A new poll by the New York Times has Sen. Mark Pryor 10 points ahead of Rep. Tom Cotton, 46-36. Even with that result, the RCP average (which includes three additional polls taken since February) has Pryor ahead by only 2.2 points.
Thus, the Times poll is, by definition, an outlier. But does it nonetheless reflect the current state of the race?
I don’t think so. As Bill Kristol points out, the sample used by the New York Times contained an almost equal number of Romney and Obama voters. Yet Romney carried Arkansas by 24 points.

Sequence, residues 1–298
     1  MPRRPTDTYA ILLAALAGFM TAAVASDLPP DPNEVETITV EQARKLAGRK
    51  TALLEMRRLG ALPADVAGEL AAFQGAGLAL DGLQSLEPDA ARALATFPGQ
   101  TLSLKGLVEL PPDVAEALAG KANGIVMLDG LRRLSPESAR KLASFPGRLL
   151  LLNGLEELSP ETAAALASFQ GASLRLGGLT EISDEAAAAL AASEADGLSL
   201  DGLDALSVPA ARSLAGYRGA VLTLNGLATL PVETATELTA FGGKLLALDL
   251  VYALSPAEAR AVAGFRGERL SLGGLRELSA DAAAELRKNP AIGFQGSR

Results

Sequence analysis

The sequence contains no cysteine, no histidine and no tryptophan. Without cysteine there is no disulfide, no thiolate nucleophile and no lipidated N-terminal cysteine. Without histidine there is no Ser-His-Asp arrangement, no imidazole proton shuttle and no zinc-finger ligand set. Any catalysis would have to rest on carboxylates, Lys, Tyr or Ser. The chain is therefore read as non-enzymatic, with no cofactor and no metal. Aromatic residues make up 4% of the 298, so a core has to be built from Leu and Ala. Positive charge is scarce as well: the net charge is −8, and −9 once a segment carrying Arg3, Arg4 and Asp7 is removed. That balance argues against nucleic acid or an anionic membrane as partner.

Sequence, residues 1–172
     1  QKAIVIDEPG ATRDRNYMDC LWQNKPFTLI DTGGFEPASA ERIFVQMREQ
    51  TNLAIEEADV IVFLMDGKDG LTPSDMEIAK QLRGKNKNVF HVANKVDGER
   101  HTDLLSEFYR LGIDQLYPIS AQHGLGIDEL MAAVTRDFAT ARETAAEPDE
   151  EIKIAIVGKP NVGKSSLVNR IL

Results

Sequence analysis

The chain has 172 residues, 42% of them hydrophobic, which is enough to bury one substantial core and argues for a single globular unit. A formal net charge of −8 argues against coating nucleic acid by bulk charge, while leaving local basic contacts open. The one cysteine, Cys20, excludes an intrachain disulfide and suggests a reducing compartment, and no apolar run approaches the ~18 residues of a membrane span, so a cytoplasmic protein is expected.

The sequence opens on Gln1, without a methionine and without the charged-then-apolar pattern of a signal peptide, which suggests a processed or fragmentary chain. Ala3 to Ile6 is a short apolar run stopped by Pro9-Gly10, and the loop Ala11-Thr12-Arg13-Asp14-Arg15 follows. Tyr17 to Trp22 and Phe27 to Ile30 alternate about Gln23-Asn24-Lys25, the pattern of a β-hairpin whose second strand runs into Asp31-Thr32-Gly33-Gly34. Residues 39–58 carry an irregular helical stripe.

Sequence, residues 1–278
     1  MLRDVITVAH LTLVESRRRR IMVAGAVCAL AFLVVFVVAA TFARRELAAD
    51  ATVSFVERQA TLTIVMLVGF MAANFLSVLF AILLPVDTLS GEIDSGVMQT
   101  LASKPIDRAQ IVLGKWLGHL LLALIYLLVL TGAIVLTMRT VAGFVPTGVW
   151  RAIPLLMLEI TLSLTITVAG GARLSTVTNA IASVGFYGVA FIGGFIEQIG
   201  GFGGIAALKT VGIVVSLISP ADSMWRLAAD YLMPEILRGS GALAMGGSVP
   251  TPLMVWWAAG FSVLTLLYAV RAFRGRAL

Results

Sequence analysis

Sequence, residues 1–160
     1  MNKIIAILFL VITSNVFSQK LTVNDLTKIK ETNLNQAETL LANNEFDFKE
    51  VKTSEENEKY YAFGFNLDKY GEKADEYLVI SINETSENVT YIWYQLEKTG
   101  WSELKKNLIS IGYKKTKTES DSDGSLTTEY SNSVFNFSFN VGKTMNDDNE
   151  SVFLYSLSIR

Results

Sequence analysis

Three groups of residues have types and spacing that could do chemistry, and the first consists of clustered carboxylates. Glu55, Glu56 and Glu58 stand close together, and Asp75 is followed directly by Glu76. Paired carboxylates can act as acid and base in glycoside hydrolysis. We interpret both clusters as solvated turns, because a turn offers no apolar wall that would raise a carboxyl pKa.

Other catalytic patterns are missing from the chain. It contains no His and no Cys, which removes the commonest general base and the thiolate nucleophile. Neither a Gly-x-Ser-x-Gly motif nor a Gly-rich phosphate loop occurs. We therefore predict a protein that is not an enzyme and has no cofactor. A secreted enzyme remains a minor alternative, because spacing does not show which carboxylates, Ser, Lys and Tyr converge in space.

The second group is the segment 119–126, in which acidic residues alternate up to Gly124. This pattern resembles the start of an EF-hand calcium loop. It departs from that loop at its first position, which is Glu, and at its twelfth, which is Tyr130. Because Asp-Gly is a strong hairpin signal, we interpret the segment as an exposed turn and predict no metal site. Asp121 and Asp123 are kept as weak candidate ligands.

Has public opinion in Arkansas shifted this strongly in Obama’s favor since November 2012? There is no reason to think so. Obama’s approval rating among Arkansans remains quite low. FiveThirtyEightPolitics recently estimated it at 30 to 33 percent.
If Romney and Obama would run neck-and-neck in Arkansas today, Tom Cotton is in big trouble. If Arkansans would vote roughly as they did in 2012, Tom faces a tough but winnable race.
The New York Times’ Arkansas survey also contains a high percentage of respondents — 32 percent — who say they didn’t vote in the 2012 presidential election. I wouldn’t assume that non-voters in 2012 will show up for a mid-term election. Thus, a survey one-third of whose respondents say they didn’t vote in the last presidential election strikes me as a poor indicator of how a 2014 Senate race will go.